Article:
Sorites Paradox

(aka the paradox of the heap)

A pile of 10,000 grains of sand constitutes a heap; one grain does not. No problem so far, but it is impossible to put your finger on the number of grains at which a non-heap turns into a heap.

The paradox is an illustration of fuzzy logic, which recognises that although two categories may be quite clear at the extremes—e.g., heap/non-heap, good/bad, moral/immoral, tall/not tall; interrogation/torture, affection/abuse, punishment/abuse—there is no precise point at which one turns into the other; instead, there is a grey area, and dealing with these is one of the critical tests of judgment.

It is often assumed that truth is a black-and-white affair—something is either true or false, as in: children should be taught the difference between right and wrong. The Sorites paradox is an illustration of things being not so simple.

 

Related entries:

Slippery Slope, Truth.

David Fleming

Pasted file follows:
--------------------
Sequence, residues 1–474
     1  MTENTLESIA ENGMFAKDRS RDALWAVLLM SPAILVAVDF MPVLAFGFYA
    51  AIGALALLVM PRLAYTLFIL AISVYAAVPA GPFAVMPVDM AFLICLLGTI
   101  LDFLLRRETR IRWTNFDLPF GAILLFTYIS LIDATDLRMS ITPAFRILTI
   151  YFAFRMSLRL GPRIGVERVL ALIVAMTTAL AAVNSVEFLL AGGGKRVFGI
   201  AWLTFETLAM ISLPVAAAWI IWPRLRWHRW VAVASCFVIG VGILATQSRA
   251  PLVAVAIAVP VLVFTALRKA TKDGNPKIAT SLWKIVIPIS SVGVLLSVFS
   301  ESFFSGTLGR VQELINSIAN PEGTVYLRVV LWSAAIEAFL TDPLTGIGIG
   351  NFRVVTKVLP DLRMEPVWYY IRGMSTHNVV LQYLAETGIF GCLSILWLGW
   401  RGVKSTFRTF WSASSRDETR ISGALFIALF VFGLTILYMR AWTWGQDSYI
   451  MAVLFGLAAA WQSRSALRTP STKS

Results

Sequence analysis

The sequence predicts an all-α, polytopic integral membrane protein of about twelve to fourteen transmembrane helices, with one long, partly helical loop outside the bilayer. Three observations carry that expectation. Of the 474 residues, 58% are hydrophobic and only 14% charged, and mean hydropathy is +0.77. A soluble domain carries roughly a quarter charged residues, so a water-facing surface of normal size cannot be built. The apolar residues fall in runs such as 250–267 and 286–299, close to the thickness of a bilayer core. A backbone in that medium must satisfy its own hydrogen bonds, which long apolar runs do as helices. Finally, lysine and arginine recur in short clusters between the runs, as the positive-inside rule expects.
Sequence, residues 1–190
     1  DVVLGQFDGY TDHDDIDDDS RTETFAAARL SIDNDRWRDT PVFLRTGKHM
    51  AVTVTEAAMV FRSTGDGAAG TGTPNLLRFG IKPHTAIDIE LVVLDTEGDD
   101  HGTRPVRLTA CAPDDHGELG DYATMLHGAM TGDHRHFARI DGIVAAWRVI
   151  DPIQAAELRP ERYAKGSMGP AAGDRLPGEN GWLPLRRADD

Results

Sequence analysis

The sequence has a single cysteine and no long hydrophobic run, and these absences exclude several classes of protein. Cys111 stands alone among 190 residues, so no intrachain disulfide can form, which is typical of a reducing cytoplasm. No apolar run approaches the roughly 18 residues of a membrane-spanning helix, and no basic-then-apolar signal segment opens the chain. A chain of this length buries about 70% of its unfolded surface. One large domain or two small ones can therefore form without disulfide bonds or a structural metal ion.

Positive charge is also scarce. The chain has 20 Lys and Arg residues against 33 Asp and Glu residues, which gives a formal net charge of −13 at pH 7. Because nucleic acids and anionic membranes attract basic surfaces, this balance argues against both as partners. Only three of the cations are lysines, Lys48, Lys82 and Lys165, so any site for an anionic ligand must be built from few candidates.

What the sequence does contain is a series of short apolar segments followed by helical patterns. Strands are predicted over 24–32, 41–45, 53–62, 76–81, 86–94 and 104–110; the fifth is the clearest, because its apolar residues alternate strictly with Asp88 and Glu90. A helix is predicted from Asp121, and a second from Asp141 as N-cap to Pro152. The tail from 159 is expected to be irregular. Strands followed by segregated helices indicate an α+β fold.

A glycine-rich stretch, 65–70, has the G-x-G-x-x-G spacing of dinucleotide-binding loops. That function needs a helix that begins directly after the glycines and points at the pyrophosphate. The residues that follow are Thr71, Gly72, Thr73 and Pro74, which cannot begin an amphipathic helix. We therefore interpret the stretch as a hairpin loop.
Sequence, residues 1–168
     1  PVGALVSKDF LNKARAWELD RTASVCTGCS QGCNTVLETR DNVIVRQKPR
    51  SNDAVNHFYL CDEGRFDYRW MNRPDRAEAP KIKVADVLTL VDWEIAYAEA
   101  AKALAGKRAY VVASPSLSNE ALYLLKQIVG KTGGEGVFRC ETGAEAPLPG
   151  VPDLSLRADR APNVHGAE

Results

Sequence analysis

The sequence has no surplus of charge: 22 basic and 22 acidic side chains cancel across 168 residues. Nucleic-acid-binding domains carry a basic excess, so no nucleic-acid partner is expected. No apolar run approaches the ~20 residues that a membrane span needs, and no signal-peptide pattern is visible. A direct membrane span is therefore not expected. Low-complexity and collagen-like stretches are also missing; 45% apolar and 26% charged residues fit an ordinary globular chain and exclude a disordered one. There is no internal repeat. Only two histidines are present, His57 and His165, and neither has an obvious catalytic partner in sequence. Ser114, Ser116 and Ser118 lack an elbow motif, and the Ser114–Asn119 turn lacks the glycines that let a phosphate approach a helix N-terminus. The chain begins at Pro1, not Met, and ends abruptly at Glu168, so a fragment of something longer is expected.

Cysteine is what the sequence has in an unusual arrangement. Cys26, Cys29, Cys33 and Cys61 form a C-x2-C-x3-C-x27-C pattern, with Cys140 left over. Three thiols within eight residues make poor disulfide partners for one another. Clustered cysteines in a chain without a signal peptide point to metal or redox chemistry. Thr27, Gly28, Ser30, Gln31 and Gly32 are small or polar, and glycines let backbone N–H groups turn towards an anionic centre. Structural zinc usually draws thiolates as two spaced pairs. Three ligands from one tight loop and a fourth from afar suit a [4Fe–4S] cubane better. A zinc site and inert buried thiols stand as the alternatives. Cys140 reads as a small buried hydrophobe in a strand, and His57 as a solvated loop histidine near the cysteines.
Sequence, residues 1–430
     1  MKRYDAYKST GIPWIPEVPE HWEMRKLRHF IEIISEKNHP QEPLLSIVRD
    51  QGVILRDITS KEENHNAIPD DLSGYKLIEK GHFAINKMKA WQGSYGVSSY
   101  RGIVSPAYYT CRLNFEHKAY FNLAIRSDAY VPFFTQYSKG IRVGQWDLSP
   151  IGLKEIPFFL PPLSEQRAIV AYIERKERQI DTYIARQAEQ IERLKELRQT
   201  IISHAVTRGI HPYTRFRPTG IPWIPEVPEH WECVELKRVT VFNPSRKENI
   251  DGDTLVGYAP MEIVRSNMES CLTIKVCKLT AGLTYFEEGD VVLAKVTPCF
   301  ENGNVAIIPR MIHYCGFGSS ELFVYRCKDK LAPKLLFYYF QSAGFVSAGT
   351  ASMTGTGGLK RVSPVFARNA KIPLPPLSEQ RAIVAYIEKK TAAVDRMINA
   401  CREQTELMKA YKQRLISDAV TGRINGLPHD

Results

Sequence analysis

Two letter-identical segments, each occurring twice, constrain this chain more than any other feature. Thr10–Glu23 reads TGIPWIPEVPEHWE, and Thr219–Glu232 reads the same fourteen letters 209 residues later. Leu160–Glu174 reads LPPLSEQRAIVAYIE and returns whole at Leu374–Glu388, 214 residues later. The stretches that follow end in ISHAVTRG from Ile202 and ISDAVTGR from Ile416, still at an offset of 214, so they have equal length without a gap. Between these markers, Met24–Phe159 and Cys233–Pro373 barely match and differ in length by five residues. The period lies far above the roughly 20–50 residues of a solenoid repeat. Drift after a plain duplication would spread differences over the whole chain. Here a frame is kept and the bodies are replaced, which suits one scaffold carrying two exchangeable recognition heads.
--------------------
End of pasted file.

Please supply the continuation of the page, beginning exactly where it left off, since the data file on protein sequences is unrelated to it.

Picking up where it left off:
Dr David Fleming (2 January 1940 – 29 November 2010) was a cultural historian and economist, based in London, England. He was among the first to reveal the possibility of peak oil's approach and invented the influential TEQs scheme, designed to address this and climate change. He was also a pioneer of post-growth economics, and a significant figure in the development of the UK Green Party, the Transition Towns movement and the New Economics Foundation, as well as a Chairman of the Soil Association. His wide-ranging independent analysis culminated in two critically acclaimed books, 'Lean Logic' and 'Surviving the Future', published posthumously in 2016. These in turn inspired the 2020 launches of both BAFTA-winning director Peter Armstrong's feature film about Fleming's perspective and legacy - 'The Sequel: What Will Follow Our Troubled Civilisation?' - and Sterling College's unique 'Surviving the Future: Conversations for Our Time' online courses. For more information on all of the above, including Lean Logic, click the little globe below!

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